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Is This Ethical? – Coerced Blood Donation

March 20, 2008

An acquaintance is taking some classes right now, and her school has blood drives periodically; in one of her classes, the instructor told them that if everyone donated blood (or at least attempted to), then they would get a day off from class. Personally, I found this appalling, but maybe I’m overreacting. Her fellow students might say, “Shut up! we want a day off from class!” The teacher might say, “Hey, I’m just encouraging my students to do a good deed.” And, hey, the Red Cross offers little gifts all the time to donors, right?

The problem, as I see it, is that normal blood drive incentives are individually based – you give blood, you get the little trinket. Nobody else who gives blood will be denied their “reward” if you don’t also donate. Basing a reward on the actions of others, however, creates peer pressure that is an undue influence on potential donors. The Red Cross itself notes that it “accepts donations only from voluntary blood donors.” Was the choice in this instance truly voluntary?

Aside from which, if some members of her class already knew that they are unable to donate because of one of the restrictions, they would have to choose between two somewhat unsavory options. The first is to go through the screening process (finger stick and questionnaire) anyway, wasting time and potentially going through the process of donating through the “confidential exclusion process” with no benefit to the individual and no ability for the blood to be used.

The second option for a class member who cannot or does not wish to donate would be to refuse to participate from the outset, leaving classmates to speculate on the reason and possibly generating resentment due to the lost free day. A student who refused might also wonder if any consequences would be directly or indirectly administered by the instructor, who offered the reward and is in a position of authority over the students.

Although blood donation isn’t clinical research, I don’t believe this incentive squares with the spirit of the Belmont Report principles of beneficence, or maximizing benefit and minimizing harm, and respect for persons, or treating each individual as an autonomous agent. When research is conducted on humans, informed consent must also be given voluntarily, in “conditions free of coercion and undue influence;” the report explains that “Unjustifiable pressures usually occur when persons in positions of authority or commanding influence — especially where possible sanctions are involved — urge a course of action for a subject.”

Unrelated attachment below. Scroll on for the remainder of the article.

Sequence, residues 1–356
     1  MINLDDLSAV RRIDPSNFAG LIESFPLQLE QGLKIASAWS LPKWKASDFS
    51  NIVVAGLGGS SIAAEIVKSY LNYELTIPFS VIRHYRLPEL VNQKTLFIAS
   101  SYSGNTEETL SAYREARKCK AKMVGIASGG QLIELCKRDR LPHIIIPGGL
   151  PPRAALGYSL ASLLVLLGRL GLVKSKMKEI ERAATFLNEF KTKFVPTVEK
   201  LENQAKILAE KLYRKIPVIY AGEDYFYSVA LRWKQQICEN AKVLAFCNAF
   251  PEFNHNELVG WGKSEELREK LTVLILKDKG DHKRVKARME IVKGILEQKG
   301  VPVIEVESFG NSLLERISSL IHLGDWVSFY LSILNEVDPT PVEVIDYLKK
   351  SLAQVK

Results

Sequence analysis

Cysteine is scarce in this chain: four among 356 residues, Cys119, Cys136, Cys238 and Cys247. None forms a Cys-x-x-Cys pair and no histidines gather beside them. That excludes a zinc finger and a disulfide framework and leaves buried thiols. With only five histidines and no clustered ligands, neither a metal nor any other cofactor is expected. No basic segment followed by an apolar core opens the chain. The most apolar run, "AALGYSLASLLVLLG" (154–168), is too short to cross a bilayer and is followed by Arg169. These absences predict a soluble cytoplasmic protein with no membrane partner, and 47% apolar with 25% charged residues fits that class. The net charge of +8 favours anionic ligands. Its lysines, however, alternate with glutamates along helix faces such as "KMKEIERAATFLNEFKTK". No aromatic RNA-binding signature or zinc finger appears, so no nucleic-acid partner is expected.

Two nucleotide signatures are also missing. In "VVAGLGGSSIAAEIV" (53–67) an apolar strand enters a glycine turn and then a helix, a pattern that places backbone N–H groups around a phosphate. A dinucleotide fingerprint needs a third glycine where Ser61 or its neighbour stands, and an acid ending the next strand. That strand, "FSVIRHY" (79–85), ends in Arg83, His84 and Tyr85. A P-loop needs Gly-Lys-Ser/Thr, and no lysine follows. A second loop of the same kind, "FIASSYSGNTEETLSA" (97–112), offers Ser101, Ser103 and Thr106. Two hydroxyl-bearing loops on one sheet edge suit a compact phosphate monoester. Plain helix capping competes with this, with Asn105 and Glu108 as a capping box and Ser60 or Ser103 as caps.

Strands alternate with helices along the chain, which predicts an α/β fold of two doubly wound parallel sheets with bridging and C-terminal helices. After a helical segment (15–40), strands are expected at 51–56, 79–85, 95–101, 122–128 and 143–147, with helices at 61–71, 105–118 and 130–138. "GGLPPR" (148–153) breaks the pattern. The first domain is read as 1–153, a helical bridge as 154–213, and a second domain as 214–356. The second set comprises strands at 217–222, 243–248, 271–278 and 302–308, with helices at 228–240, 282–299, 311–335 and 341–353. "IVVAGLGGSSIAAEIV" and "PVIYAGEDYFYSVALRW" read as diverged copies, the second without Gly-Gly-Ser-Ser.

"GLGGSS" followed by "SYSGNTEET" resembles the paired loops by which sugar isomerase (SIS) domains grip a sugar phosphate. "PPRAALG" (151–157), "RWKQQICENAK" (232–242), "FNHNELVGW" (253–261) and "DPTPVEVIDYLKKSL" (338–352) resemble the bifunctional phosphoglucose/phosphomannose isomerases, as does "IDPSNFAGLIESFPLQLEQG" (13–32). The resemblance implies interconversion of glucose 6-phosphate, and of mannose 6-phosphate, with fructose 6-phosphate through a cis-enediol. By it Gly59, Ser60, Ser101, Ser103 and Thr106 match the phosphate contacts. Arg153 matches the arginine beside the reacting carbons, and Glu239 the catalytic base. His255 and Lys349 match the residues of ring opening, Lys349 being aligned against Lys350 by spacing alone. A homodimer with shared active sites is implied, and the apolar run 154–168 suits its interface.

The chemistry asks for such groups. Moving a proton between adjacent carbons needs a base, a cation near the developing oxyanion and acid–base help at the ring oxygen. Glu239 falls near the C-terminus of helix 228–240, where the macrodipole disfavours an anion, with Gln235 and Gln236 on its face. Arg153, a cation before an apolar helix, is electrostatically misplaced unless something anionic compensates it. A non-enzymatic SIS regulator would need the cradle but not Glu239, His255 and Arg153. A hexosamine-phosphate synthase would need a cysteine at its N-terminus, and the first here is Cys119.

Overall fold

In my opinion, this seemingly minor reward created a completely unethical situation. Thoughts?

12 Comments leave one →
  1. pinkladybugs permalink
    March 20, 2008 8:18 am

    Instructors are always doing unfair crap like this to their classes; at least this time it’s for a good cause. I think they could probably have found a better way to reward the kids though, such as giving each blood donor a pass to miss one class.

  2. March 20, 2008 8:37 am

    Pinkladybugs, I think individual passes to miss a class would have been much more appropriate.

  3. March 20, 2008 9:17 am

    As a parallel to the way clinical studies are designed, one of the things you may think about with this kind of incentive is whether the incentive would cause an individual to do something that would otherwise be outside their better judgment, which is where it starts to cross the line into coercion. As you note, blood donation is a fairly benign procedure for some but can cause problems in some people – psychological issues about the needle and blood donation process (undue stress and anxiety), physiologic changes in some after donation (e.g. dizziness, nausea), persistent bleeding from the stick site, small risk of infection to the stick site, nerve damage and muscle spasms in rare instances…(ref. American Red Cross)